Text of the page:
|کد مقاله||کد نشریه||سال انتشار||مقاله انگلیسی||ترجمه فارسی||نسخه تمام متن|
|375208||622675||2014||11 صفحه PDF||سفارش دهید||دانلود رایگان|
• Canadian national news media content was analyzed from May 2008 to May 2012 using three different nanotechnology frames.
• The framing has been “nano-optimistic”, focusing on near-term applications and university research efforts.
• No reporting of public discourse regarding the issues surrounding nanotechnology has occurred to any significant degree.
News media remains one of the foremost communication portals for information regarding the risks and benefits of new technologies. News media content provides information which helps to shape public attitudes toward emerging technologies. An analysis of national news media content from May 2008 to May 2012 was conducted for nanotechnology content in Canada using three different frames. The results show that the framing has been “nano-optimistic” and narrowly focused on university research, scientific innovations, near term applications, and university-business collaborative research efforts, all which are dominated by subject-matter experts. There has been negligible media coverage of public discussions surrounding nanotechnology developments, scant reporting of non-governmental organization activities, and few reports of international nanotechnology developments. In Canada, it is still relatively early in the nanotechnology development cycle. To increase public knowledge in Canada the news media content should go beyond its current narrow framing of scientific innovation and near term research applications. Media content in other countries has provided more information on broader societal, ethical, legal, policy, regulatory and international issues over time. Regulators and stakeholders should follow the Council of Canadian Academies 2008 expert panel advice to incorporate early risk communication, public outreach and include the pubic in nanotechnology policy development.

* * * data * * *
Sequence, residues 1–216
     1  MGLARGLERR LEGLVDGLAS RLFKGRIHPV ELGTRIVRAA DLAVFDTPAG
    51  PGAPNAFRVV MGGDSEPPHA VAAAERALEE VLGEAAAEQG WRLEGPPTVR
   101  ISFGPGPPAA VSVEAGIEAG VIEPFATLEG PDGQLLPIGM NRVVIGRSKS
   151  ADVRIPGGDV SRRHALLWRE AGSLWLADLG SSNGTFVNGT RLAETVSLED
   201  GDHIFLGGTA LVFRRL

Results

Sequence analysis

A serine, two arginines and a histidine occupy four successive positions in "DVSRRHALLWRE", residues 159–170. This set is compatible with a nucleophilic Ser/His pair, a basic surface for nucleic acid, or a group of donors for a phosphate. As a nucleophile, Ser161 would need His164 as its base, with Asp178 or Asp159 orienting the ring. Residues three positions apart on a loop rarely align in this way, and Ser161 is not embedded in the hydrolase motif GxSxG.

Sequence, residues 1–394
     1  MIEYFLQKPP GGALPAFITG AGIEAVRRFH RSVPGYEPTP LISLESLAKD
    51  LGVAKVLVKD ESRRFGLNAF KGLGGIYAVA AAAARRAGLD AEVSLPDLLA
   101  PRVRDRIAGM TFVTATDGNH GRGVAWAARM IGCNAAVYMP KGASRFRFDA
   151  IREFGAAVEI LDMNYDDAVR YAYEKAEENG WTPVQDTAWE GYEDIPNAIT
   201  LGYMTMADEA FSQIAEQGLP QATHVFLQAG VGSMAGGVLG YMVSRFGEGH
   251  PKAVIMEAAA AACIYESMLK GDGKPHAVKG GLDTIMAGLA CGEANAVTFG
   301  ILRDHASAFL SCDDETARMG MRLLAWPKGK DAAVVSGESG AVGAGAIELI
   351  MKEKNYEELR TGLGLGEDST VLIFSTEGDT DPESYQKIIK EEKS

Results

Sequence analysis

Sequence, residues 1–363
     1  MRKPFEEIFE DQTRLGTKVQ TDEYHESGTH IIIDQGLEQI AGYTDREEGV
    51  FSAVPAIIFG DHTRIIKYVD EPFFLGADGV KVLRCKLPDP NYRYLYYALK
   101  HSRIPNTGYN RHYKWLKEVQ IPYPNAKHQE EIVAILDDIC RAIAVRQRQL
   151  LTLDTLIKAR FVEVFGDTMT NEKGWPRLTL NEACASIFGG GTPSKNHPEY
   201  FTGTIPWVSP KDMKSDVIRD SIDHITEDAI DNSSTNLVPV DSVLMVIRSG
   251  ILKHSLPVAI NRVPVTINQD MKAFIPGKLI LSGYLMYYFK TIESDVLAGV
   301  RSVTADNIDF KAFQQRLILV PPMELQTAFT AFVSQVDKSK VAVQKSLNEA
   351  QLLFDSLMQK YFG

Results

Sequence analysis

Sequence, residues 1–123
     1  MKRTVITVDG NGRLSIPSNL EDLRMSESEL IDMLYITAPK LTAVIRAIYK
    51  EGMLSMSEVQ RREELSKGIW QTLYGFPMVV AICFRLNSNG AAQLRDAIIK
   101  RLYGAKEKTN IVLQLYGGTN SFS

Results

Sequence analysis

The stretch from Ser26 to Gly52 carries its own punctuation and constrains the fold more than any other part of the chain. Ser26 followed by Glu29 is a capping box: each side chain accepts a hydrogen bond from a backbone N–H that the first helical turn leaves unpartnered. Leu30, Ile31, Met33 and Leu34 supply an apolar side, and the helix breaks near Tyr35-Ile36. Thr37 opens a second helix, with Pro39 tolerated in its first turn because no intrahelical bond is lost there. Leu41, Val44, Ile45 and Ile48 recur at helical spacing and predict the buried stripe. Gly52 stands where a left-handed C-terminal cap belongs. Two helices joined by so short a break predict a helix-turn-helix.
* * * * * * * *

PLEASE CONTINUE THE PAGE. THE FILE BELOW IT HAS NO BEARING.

Journal: Technology in Society - Volume 37, May 2014, Pages 38–48